When it comes to sentencing in the criminal courts of Canada, there are several factors that affect the proceedings. One of the main factors on which the judges have to base their decision is the prior convictions of the defendant.
It is a fundamental principle in nearly every common-law jurisdiction to ensure that a defendant’s prior record plays a central role in sentencing. The importance of previous criminal history should only be surpassed by the seriousness of the offence committed.
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Canadian Law follows a similar principle. Repeat defendants are held more accountable for their offences and receive a higher penalty in the shape of jail time and fines. However, if a person has committed slight misdemeanours or was convicted for a small crime many years ago, the conviction might not have a huge effect on the sentence.
Some of the other factors that judges consider include:
- Statutory minimums and maximums
- Limitations set by Parliament and Supreme Court decisions
- Age of the defendant
- The seriousness of the crime
- Prior convictions
- Aggravating and mitigating circumstances
- Victim impact statements
- Information about the defendant
- What opposing counsels are asking for
The decision is made according to the judge’s sentiment to:
- Deter similar crimes in the future
- Keep the public safe
- Provide reparations to the injured parties
- Impose a sentence that will enable rehabilitation of the guilty party
If you find yourself amidst a criminal sentence and don’t really understand how your previous convictions can affect the case, it is best to hire an experienced criminal defence lawyer.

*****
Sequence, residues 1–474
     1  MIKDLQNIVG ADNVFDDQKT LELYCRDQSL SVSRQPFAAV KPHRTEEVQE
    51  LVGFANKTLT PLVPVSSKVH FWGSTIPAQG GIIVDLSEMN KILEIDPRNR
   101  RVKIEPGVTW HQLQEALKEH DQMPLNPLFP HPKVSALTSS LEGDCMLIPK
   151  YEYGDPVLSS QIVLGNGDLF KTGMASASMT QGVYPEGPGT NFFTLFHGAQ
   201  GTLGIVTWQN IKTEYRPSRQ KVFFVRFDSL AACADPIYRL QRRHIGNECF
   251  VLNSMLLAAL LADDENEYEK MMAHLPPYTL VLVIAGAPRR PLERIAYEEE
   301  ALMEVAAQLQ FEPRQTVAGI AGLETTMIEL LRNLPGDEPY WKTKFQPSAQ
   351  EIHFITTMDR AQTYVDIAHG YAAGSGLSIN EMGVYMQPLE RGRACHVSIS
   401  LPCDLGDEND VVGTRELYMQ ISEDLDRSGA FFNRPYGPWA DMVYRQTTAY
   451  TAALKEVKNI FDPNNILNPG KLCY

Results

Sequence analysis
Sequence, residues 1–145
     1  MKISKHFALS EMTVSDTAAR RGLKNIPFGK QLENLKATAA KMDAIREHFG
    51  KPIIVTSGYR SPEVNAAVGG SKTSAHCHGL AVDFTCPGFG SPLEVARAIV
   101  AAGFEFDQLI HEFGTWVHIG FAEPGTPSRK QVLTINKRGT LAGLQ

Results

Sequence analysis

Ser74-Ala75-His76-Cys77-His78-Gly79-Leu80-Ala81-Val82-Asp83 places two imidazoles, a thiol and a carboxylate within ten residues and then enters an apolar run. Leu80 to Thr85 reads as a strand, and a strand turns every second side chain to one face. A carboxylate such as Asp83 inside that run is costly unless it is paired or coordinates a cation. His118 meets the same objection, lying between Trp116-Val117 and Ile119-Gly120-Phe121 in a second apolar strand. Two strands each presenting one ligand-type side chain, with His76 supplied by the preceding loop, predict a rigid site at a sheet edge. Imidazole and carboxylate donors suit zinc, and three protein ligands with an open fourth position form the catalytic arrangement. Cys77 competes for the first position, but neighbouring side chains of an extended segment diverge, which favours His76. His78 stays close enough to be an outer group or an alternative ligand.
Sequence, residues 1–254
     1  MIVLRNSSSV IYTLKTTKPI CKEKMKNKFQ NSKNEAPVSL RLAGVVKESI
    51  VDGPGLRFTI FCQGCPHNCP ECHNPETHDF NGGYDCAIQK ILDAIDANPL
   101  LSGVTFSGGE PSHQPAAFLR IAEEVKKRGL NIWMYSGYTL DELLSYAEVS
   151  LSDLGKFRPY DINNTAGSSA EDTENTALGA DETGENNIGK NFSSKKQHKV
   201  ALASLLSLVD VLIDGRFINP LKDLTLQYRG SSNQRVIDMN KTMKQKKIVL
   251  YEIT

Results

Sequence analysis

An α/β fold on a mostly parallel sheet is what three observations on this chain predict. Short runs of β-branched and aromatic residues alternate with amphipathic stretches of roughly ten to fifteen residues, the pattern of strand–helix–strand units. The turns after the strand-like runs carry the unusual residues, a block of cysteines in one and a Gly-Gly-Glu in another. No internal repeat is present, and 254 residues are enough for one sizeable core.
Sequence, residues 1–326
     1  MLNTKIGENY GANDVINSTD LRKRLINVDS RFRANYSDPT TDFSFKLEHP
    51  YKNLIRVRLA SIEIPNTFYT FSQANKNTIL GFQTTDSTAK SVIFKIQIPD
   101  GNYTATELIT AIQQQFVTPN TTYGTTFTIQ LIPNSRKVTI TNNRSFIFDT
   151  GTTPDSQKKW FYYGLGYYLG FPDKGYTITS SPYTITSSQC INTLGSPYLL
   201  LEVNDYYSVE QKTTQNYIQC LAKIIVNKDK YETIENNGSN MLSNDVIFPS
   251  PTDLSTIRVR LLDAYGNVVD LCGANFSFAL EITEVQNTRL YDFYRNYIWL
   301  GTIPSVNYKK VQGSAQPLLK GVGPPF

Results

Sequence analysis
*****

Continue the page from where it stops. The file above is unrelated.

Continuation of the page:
Impact Of Prior Convictions
Prior convictions of the defendant affect the proceedings of a criminal case in two ways:
- In the first trial where prior convictions are used to show that the defendant is not trustworthy.
- During the sentencing when decisions are based on prior convictions.
Introduction Of Prior Convictions In A Trial
There are several instances in which evidence from a previous conviction can be introduced to the proceedings of the sentence. One of these is when the defendant is testifying on his/her behalf. However, this can be particularly damaging for the defendant.
This is why most criminal lawyers suggest defendants not testify at their own trial. Rather, they look for witnesses where the jury is allowed to consider evidence that bears on whether the witness is telling the truth.
Not All Previous Convictions Are Admissible
However, at this point, it is important to understand that not all prior convictions are admissible at trial. This is because the rules of evidence and the judge recognize that jurors are likely to be swayed by evidence of prior bad acts.
In most cases, felony convictions are only admissible if they occurred within the past 10 years. These convictions show a pattern of criminal behaviour which might eventually lead to a more serious crime.
It also shows that the defendant is not learning from his/her previous crimes and behaviour which is a red flag for many judges.
Admissibility Of Previous Offences During Sentencing
As far as sentencing is concerned, the rules are slightly different. While determining a sentence for the defendant, especially for repeat DUI offenders, prior convictions must be considered. If the defendant is being sentenced for the same crime again, the judge will likely consider evidence of a prior criminal conviction when sentencing the defendant. All repeat offenders face harsher sentences.
About Slaferek Law
Slaferek lawyers are highly proficient at strategizing effective defence strategies that can lead to case dismissal, reduced charges, reduced penalties, and more. To get in touch with us today, click here. Our expertise lies in criminal cases and DUI cases.
If you are scrambling with charges or are looking for a good criminal defence lawyer to fight your case, our team of trained lawyers can help you build a strong case. We have successfully closed hundreds of cases pertaining to murder, DUI, financial fraud and more.